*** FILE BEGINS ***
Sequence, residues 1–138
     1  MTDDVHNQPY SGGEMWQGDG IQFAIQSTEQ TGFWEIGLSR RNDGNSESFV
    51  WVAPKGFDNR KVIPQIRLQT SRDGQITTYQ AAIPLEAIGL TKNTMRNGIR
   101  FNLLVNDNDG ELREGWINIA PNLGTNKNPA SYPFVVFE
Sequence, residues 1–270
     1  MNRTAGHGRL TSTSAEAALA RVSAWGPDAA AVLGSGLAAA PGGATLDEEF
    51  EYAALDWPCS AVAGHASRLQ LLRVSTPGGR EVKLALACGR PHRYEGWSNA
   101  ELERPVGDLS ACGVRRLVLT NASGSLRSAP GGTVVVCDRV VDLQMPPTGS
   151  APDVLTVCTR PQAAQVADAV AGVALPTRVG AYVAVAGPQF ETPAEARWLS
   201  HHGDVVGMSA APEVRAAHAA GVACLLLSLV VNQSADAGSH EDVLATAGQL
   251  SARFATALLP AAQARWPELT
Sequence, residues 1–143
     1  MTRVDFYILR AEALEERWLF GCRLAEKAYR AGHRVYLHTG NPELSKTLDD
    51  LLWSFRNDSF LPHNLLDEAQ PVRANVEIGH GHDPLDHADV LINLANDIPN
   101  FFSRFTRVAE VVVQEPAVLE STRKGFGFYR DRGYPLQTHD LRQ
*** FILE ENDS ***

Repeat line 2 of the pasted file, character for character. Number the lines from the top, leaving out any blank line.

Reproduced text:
     1  MTDDVHNQPY SGGEMWQGDG IQFAIQSTEQ TGFWEIGLSR RNDGNSESFV